We sometimes get asked if we have a replacement for Estimote beacons. There’s no exact replacement because Estimote manufacture their own custom product and only allow their own beacons on their platform.
However, if your app doesn’t use the Estimote SDK and just detects iBeacon advertising using the standard iOS and Android Bluetooth libraries then you can use any iBeacon. Also see our post regarding compatibility.
TRBOnet is a 2-way radio dispatch system sold and supported by Motorola. It can use iBeacons to provide for locating where the Motorola radio GPS doesn’t work. This allows radios and hence people to be located indoors or undercover areas such as trees.
TRBOnet Plus will work with any iBeacons. The ones with higher battery capacity tend to be used so that batteries don’t have to be replaced for years.
The i3 is popular for use with TRBOnet as it takes AA batteries that can be easily sourced and the unit has screw tags for permanent mounting. Some sites also use USB beacons that can be powered from the mains via USB power supplies.
If you use the i3, or any beacon using AA batteries, we recommend you use lithium AA batteries rather than alkaline. This will not only provide a longer battery life but will also provide better resilience at lower temperatures.
We recently started selling beacons that can advertise LINE. This post explains LINE advertising with information on the packet format.
LINE Beacons are used with the LINE messenger service that allows users to send text, video, and voice messages on smartphones and the PC. It’s currently available in Japan, Taiwan, Thailand, and Indonesia. LINE have iOS and Android developer APIs that allow you to hook into the LINE service and include LINE services in your app. The LINE beacon allows your LINE code, called a bot, to receive beacon webhook events whenever a LINE user enters the proximity of a beacon. The beacons allow you to customise your bot app to interact with users in specific contexts. There’s also a beacon banner feature, available for corporate users, that causes a banner to appear in the LINE messenger app when it comes close to a LINE beacon.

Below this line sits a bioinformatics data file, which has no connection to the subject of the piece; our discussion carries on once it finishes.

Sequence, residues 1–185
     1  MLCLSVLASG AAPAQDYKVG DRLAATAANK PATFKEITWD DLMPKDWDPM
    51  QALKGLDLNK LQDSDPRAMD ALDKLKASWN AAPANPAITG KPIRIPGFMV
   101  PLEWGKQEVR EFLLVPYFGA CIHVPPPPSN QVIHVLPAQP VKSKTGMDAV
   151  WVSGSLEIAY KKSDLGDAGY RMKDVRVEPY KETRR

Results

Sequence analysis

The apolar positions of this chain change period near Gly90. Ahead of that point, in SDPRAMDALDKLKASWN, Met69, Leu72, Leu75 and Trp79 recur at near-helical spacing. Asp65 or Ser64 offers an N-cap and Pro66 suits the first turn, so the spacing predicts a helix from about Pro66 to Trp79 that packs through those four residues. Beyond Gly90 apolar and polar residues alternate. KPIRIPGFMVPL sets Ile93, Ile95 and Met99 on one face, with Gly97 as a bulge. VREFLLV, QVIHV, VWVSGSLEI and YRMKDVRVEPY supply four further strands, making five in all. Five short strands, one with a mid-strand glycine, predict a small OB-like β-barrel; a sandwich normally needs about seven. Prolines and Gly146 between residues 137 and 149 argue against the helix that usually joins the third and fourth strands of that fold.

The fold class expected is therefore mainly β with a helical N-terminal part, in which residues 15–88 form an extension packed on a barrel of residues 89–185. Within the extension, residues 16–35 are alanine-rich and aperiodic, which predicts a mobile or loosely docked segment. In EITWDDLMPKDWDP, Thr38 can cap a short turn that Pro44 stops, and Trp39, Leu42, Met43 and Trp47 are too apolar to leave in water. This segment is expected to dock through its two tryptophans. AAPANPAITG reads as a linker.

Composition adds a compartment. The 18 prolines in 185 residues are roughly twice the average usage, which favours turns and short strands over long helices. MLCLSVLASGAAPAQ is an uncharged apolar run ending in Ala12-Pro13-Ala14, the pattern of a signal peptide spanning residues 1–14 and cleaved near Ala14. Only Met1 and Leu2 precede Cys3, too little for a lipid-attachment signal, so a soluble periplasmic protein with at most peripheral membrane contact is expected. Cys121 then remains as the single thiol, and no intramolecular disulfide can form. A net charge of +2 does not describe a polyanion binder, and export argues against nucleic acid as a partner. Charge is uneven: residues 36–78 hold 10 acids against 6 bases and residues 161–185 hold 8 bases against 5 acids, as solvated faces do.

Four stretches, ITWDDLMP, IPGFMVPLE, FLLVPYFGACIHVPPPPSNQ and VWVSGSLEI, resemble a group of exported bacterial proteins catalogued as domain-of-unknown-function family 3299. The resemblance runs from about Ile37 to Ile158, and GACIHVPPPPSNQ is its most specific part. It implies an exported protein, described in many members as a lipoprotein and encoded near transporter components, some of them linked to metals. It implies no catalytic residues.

Unlike iBeacon, LINE Beacon packets have a secure message field to prevent packet tampering and replay attacks. The secure data is 7 bytes long containing a message authentication code, timestamp and battery level. Secure messages are sent to the LINE platform for verification.
LINE recommend LINE beacon packets be sent at a very high rate of every 152ms. In addition, LINE recommend advertising iBeacon (UUID D0D2CE24-9EFC-11E5-82C4-1C6A7A17EF38, Major 0x4C49, Mino 0x4E45) to notify iOS devices that the LINE Beacon device is nearby. This is because an iOS app can only see iBeacons when in background and LINE beacons can’t wake an app.
We observe that the high advertising rate and concurrent iBeacon advertising aren’t battery friendly and the beacon battery isn’t going to last long.
Bluetooth beacons use Bluetooth LE, a low power version of Bluetooth to repeatedly send out a short amount of data typically up to 50m but in some cases hundreds of metres. The data usually includes an identifier in various standard formats such as iBeacon or Eddystone. It can also include sensor data.
The beacon advertising can be picked up by other Bluetooth LE devices such as smartphones, WiFi gateways to send to a server and single board computers such as the Raspberry Pi.
The key features are:
Low power and hence can work for up to years on battery power
Interoperability with a large number of other Bluetooth LE devices